http://news.bbc.co.uk/2/hi/health/background_briefings/euthanasia/331270.stm

I'm also trying to track the Dutch citizen's testimony to Congress this past year about how a Dutch physician elicited permission to euthanize an elderly woman while she was under the influence of painkillers. He was in the process of administering the dose when the woman's family happened to visit and intervene. The woman recovered after changing her course of treatment and, I believe, was still alive more than a year later at home when her daughter testified.

Also, a Dutch study in 1992 showed that no one requested euthanasia from intolerable pain; rather, depression and loss of dignity were the main reasons offered. This was supported by a later study conducted in Washington State, where less than a third of person indicated pain as a reason for considering euthanasia as an option.

Finally, Godwin's Law is irrelevant when discussing euthanasia. The Nazi practiced killing people under their control. The subject of euthanasia pertains to people being killed while under the medical control of others.

JJB
tualha
Dec. 2nd, 2009 12:19 am (UTC)
Re: Bad assumptions
"Superversive" was not a modifier applied to your name, but another name: I was addressing both of you.

The BBC article you cite was published in 2000, and the law has changed since then, but you're right: it's still illegal, just decriminalized if the guidelines are followed. To the extent that the distinction matters, it supports my position: at least in theory, doctors can be prosecuted if they don't follow the guidelines.

It seems to me that if the guidelines were always followed there would be nothing objectionable about physician-assisted suicide as practiced in the Netherlands. Unfortunately, having spent some time this evening researching it, I can't reliably tell to what extent the guidelines are being followed. I can't find anything both unbiased and informative. All the pro-euthanasia people just talk about what the law says, not how it's working out in practice; and all the anti-euthanasia people talk about cases where the guidelines weren't followed, mental patients are helped to suicide for mere temporary mental anguish, patients are "euthanised" without their having brought up the subject, etc. — almost entirely without sources or evidence, and what reliable evidence there is, is merely anecdotal; there are no statistics. Rare? Common? Who knows?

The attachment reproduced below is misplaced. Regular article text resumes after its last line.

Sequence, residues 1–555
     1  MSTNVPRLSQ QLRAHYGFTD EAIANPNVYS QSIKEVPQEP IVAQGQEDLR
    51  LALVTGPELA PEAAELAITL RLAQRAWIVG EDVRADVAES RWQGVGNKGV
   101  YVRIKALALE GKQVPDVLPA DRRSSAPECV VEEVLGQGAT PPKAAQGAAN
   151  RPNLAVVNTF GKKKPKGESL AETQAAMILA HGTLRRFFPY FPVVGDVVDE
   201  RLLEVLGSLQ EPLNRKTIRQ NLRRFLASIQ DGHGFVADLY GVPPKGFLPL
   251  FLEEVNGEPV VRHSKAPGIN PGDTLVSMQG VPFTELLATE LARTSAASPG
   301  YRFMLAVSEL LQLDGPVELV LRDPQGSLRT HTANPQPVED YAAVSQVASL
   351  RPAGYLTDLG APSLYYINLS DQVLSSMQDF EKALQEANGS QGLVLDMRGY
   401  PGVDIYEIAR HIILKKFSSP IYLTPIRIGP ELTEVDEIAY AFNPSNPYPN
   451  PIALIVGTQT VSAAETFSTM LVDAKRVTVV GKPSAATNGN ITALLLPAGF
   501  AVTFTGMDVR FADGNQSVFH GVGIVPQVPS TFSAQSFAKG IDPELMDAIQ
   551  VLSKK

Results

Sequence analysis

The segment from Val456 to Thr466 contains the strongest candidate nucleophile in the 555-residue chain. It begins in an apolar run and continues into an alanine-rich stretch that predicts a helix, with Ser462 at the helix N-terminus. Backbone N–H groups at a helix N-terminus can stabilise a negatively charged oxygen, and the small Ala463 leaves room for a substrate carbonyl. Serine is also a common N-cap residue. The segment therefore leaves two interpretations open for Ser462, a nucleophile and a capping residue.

And this is precisely what I'm objecting to in Mr. Flynn's postings. It's possible he's right; but he offers no evidence to back up his statements. I find it difficult to believe this is the same man who wrote the introduction to The Forest of Time and Other Stories 12 years ago. That man had respect for facts and for backing up one's statements. What happened to him?
martinjt
Dec. 2nd, 2009 12:41 am (UTC)
Re: Bad assumptions
It seems to me that if the guidelines were always followed there would be nothing objectionable about physician-assisted suicide as practiced in the Netherlands

As James Chastek put it: If murder is killing an innocent person then how do you justify suicide (and more so, assisted suicide).

Also the arguments for A.S. assume the person is in his right mind. If you are suffering from chronic depression you are not in your right mind.
m_francis
Dec. 2nd, 2009 01:01 am (UTC)
Re: Bad assumptions
Notice too that what often seems to matter is what a law says, and not how people naturally behave in the face of that law. That is, if I draw the line here and people step over it from time to time, that may be very different from drawing the line over there so people can step over that. Or as a girl I knew in college put it: "If there are no boundaries, what can we rebel against?"

We see the same thing in the statements by the head AIDS researcher at Harvard. The technological merits and failure rates of condoms [4% when last I saw hard data] are one thing; but what matters is the behavior of people. Those enamored of tech fail to comprehend. They say, but if people use them correctly and consistently, there will be no problems. Which may be true, at least among groups engaging in risky behavior, like prostitutes and male homosexuals; but the real problem is that people do =not= use them correctly or consistently, and all the banana classes in the world won't change that. If at the same time, one encourages an increase in risky behavior, some very bad results may obtain.

Compare this to seat belts in automobiles. Because the safeguard was driver-evident, drivers felt safer belted in and therefore drove faster and more recklessly. This increased the accident rates and, among the people broadsided and T-boned at intersections, may have also increased auto fatalities. The driver, belted in, was less often affected.